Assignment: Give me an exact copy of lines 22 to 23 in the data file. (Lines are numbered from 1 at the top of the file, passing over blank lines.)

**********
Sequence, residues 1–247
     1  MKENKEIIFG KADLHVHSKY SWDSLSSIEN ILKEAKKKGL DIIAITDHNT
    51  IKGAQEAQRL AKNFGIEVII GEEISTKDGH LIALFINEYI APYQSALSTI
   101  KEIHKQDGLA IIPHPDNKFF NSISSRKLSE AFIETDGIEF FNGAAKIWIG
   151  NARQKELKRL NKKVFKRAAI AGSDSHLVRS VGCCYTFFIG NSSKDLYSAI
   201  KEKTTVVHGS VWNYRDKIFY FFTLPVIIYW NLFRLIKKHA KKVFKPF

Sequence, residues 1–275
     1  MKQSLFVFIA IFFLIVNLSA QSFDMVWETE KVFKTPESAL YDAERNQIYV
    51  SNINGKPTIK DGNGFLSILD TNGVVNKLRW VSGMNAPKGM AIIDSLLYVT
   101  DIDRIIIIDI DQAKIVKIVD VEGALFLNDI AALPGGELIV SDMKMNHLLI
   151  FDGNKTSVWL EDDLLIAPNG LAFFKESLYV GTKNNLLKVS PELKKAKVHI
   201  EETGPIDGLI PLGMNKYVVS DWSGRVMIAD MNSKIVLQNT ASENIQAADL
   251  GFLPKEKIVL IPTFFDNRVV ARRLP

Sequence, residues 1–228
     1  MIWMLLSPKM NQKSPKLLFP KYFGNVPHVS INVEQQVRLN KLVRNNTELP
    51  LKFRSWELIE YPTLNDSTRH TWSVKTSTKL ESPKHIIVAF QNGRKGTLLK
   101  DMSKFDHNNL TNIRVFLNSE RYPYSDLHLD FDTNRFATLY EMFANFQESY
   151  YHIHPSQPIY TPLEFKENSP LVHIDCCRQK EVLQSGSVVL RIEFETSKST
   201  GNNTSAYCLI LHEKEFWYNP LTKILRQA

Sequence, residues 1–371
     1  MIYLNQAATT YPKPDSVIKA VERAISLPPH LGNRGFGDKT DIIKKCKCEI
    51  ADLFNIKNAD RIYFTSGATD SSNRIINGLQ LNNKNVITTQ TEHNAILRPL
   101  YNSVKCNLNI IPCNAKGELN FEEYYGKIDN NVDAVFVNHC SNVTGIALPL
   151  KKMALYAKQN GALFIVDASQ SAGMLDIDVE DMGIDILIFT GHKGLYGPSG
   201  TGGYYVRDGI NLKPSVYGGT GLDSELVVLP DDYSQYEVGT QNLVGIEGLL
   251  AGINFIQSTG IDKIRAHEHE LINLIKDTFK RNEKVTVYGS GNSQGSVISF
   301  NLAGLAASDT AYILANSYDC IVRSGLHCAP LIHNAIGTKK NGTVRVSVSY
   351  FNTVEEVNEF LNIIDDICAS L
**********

    51  ADLFNIKNAD RIYFTSGATD SSNRIINGLQ LNNKNVITTQ TEHNAILRPL
   101  YNSVKCNLNI IPCNAKGELN FEEYYGKIDN NVDAVFVNHC SNVTGIALPL